Traffic was rather heavy as I was driving home from work today. At some point, I noticed the lane to my right was clear, whereas a few feet ahead my lane was jammed. I started changing lanes, but then the car ahead of me (which was fully stopped) attempted to do the same. As I had more room, I stepped a bit firmer on the gas, hoping the other car noticed and let me pass to its right. It worked.
As I pulled away from the jam, I pondered my rather trivial feat. Unconsciously, I had performed a flawed risk/reward analysis: for the perceived benefit of pulling into my driveway a few seconds earlier, I had risked entering a car crash — even a fender bender is annoying enough as to deny any real or perceived time benefits.
Obvious, right? Yet we do it all the time with much more critical things. I’m not talking about flawed probability percentages or delusional rewards — though those are serious problems in their own right; I’m talking about risks and rewards that are not really exchangeable in terms of units or dimensions. Thus, for the prospect of a won argument, we risk a long-term relationship. For the reward of making it to production a couple days earlier, we risk data integrity, customer satisfaction and architectural quality. For the sake of familiarity and transferred responsibility, we enter unacceptable risk as we plan and execute projects using known-flawed waterfall methodologies, with vendors that should know better.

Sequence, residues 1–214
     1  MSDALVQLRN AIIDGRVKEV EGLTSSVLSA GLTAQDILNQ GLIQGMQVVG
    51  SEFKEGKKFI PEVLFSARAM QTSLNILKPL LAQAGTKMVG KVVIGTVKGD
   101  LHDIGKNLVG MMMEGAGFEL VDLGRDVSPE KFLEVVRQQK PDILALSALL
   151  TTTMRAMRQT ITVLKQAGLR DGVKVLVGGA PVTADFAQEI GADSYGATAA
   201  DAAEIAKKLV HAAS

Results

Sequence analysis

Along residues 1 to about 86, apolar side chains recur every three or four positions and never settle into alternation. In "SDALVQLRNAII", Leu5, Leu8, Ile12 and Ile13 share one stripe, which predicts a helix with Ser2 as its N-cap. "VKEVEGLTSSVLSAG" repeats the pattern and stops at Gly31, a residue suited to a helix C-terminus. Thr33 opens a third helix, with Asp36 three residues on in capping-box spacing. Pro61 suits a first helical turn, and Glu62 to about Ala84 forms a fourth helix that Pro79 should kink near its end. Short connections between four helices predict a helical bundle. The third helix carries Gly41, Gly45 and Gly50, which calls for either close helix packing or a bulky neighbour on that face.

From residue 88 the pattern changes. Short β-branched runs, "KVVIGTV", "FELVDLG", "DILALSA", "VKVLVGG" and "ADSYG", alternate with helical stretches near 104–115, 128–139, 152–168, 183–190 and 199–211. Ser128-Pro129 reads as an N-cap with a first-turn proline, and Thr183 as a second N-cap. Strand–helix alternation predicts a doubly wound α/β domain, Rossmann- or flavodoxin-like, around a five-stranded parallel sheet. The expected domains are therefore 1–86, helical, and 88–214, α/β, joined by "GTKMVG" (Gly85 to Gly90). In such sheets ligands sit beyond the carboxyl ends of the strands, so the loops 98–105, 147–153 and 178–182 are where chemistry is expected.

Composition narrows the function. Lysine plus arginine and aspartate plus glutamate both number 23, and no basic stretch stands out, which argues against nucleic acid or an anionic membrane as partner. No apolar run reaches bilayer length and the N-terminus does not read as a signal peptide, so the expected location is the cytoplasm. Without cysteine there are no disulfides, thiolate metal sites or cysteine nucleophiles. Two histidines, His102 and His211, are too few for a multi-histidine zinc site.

There doesn’t seem to be much written about this, and it makes a lot of sense: risk-reward analysis originates in the financial industry, where the one ruthless unit for all measures is money. We are supposed to do that as well (make a business case or somehow else monetize much of our IT project decisions), but all too often we lack method, discipline, or both — and yet we plow ahead based on questionable proxies for actual business risk and value.
Next time I carry out a risk-reward analysis, I’ll try to make sure that both ends are measured in the same units. I hope you do too!
Over the years, I’ve had the privilege of being part of a few teams: development teams, architecture teams, management teams. I’ve also been privileged to manage a few teams of my own. In my experience, I’ve seen that staff meetings tend to fall within two distinct styles or “colors”, and of course there’s room for many intermediate shades as well. In this post, I outline the styles and make the case for my favorite meeting color.
As an IT leader, I often find myself walking a thin line: I am the company’s voice before the employees, and the employees’ voice before the company. This extends to mediating between internal parties and vendors, auditors, consultants and other external entities as well. While not an absolute situation (and certainly not at my current workplace), it is often the case that higher leadership pushes an IT management model that is ultimately a fallacy. Curiously enough, other parties’ retort is also deeply flawed. Both are rooted in good intentions, but tangle up in a vicious circle that does more harm than good, even though no one overtly intends it. In a sense, a lot of IT leadership and management efforts are spent bridging these two fallacies. Continue reading